Breathing New Life Into Contracts

Contractors and customers often use a technique called 'tech refresh' to get the latest products on an existing contract. But some fear the practice could be a raw deal.

It's an all too familiar story: By the time the procurement process coughs up the contract, the technology it offers is already out of date -- a 286-caliber technology in a Pentium world. According to Doyle Dodge, center director for IT Coordination at the General Services Administration's Office of Emerging Technology, "One failure is an inability to bring new items onto existing contracts." As a result, "high on my list [of priorities] is [getting new] technologies as soon as they are available to the public.... If we have to wait until [a new product] is on a new contract, it's outdated."

Enter "tech refresh," an essential, yet often overlooked solution to this problem. The technique qualifies under that much over-used business cliche "a win-win situation." Contractors get to extend the life of their contracts by adding the latest, hottest products. Product companies find ready channels for pushing hot new offerings, such as Windows 95 or the latest version of Lotus Notes. And government guys get the technology they need or think they need -- without having to waste time and resources doing a full-fledged procurement.

Techniques for performing tech refresh vary from contract to contract, according to Bob Dornan, vice president of market research firm Federal Sources in McLean, Va. But one thing is sure: With few formal rules, contractors can use tech refresh to serve the needs of customers. It's no wonder, then, that tech refresh has become a critical business strategy for many companies.

Government Technology Services Inc. of Chantilly, Va., has become something of a master of the practice. On June 19, reseller GTSI announced that the U.S. Army had approved a major system substitution on its Army Portable-I contract. GTSI substituted the Compaq Contura 420C for the same price as the unit it replaced on the two-year IDIQ, indefinite delivery, indefinite quantity, contract.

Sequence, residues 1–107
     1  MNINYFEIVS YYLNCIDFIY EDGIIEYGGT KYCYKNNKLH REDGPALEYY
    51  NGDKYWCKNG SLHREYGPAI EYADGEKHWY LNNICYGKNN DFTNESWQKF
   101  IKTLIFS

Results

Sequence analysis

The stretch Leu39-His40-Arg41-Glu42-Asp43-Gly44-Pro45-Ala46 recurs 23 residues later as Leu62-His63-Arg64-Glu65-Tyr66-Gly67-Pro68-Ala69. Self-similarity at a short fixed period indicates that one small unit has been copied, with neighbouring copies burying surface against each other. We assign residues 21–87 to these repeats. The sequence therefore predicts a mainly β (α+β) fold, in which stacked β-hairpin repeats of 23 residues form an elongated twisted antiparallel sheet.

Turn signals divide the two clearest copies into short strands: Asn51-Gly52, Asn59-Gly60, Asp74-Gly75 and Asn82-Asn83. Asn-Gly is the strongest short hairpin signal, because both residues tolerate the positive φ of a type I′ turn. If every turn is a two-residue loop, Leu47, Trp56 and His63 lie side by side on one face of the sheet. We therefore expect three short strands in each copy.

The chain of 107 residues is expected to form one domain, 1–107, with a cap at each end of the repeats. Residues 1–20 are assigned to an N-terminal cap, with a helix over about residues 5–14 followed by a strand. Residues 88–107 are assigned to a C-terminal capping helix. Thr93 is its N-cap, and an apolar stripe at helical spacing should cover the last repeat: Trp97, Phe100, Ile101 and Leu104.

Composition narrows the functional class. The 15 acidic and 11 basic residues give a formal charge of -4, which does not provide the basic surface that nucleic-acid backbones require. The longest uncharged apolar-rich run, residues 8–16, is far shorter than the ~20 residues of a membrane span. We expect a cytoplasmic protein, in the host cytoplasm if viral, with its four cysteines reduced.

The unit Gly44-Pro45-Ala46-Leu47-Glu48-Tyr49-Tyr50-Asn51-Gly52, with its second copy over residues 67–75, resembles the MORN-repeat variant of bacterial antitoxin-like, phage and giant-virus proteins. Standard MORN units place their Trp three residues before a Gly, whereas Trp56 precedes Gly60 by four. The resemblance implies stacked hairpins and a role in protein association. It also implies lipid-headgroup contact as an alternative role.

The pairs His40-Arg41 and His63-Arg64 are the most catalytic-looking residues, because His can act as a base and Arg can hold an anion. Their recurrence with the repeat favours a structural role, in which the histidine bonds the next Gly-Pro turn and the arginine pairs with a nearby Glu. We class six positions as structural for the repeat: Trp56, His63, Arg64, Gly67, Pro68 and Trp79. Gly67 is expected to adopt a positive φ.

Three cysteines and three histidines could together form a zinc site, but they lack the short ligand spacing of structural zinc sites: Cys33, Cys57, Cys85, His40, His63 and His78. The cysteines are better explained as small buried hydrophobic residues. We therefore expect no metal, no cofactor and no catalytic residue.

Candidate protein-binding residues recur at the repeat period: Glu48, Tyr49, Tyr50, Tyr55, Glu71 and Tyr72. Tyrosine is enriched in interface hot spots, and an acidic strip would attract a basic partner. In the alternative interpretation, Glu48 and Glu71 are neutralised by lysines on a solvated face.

An IDIQ contract provides a contractor with a license to market a particular configuration of technology to particular government agencies, but it provides no guarantee that agencies must make purchases. So tech refresh is one way to sweeten the attraction of an IDIQ contract.

On June 27, the U.S. Air Force approved major system substitutions on the Desktop IV contract, which include Energy Star compliant 486 microcomputers manufactured by IBM for GTSI under a private label -- the GTSI DeskTop. According to GTSI, these machines have performed in tests up to 50 percent faster than previous Desktop IV configurations. The Desktop IV contract is a controversial three-year, $700 million IDIQ contract that generated numerous protests from disgruntled contractors who lost to GTSI.

Also on the same contract, GTSI, the leading computer reseller to the federal government, is now teaming with the world's leading printer manufacturer. On July 17, Hewlett-Packard of Palo Alto, Calif., announced the addition of its HP LaserJet 4 Plus printer to the Desktop IV contract. The LaserJet 4 replaces the Lexmark 4019 laser printer on the contract, and gives HP access to one of the largest laser printer contracts available with the federal government.